• Program Executive Office - C4I

Headquartered on the Old Town Campus of the Space and Naval Warfare Systems Command in San Diego, Calif., the mission of the Program Executive Office for Command, Control, Communications, Computers, and Intelligence (PEO C4I) is to provide integrated communications and information technology systems that enable Information Dominance and the command and control of maritime forces.


SPAWAR delivers higher-end Navy information technology products and services to the fleet and other Defense Department stakeholders. As the Navy’s Information Dominance Systems Command, Space and Naval Warfare Systems Command designs, develops and deploys advanced communications and information capabilities. With more than 8,900 active duty military and civil service professionals located around the world and close to the fleet, SPAWAR is at the forefront of research, engineering, acquisition and support services that provide vital decision superiority to our forces at the right time and for the right cost. It is our mission to make the Navy’s Information Dominance vision a reality. Our products and services transform ships, aircraft and vehicles from individual platforms into integrated battle forces, enhancing information dominance and awareness among Navy, Marine, joint forces, federal agencies and international allies. As the Navy’s technical lead for C4ISR, SPAWAR provides the hardware and software to connect our war fighters at sea, on land and in the air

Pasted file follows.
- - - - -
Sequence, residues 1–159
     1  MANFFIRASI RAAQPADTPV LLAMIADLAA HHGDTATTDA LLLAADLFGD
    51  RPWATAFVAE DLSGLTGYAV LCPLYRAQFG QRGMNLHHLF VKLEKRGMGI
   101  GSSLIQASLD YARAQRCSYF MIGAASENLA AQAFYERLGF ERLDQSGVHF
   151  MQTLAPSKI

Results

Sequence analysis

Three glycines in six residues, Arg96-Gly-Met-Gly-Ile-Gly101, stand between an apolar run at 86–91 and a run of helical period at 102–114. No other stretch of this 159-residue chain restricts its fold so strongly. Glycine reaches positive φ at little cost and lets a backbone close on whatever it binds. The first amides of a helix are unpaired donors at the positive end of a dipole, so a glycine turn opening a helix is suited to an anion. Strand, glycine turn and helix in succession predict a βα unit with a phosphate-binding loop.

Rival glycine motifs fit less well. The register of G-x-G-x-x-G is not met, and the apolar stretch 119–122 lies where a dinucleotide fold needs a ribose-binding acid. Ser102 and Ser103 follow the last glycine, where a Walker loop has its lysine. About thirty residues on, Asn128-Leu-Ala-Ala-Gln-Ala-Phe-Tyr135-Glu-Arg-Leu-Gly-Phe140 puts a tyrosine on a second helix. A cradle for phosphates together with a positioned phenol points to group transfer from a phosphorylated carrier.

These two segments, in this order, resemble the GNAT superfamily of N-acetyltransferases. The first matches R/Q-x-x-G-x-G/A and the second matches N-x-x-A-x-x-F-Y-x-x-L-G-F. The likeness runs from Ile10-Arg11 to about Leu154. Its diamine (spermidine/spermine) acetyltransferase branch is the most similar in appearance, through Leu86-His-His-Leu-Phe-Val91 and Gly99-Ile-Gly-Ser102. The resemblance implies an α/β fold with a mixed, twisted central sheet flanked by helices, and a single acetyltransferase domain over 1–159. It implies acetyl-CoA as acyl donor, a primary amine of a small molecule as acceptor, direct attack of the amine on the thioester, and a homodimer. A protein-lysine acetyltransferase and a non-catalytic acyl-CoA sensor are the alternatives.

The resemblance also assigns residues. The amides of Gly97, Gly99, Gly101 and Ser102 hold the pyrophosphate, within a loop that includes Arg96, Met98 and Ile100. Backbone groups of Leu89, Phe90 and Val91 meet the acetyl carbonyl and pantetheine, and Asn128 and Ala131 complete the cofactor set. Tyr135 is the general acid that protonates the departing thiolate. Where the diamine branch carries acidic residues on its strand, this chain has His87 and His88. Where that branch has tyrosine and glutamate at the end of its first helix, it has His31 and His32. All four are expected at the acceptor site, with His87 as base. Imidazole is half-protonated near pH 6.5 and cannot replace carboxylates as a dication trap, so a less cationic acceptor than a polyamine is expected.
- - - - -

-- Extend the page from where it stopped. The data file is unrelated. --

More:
Strategic Direction Statement

United States Navy Command, Control, Computer and Intelligence community along with other Navy component commands will utilize the CANES system in their missions to support the people, information and technology which enable the naval command structure to deal with the uncertainty of combat and to deploy military forces in an efficient manner. As stated in the U.S. Navy Command and Control doctrine, “command is the authoritative act of making decisions and ordering action; control is the act of monitoring and influencing the action.” To continue with this mission, commanders must be able to have up to date systems with which to communicate effectively with warfighters. By utilizing EA and effective change management, the CANES project will deliver effectiveness in communication and infrastructure systems which would be a substantial improvement over the current system.

Strengths, Weaknesses, Opportunities and Threats (SWOT)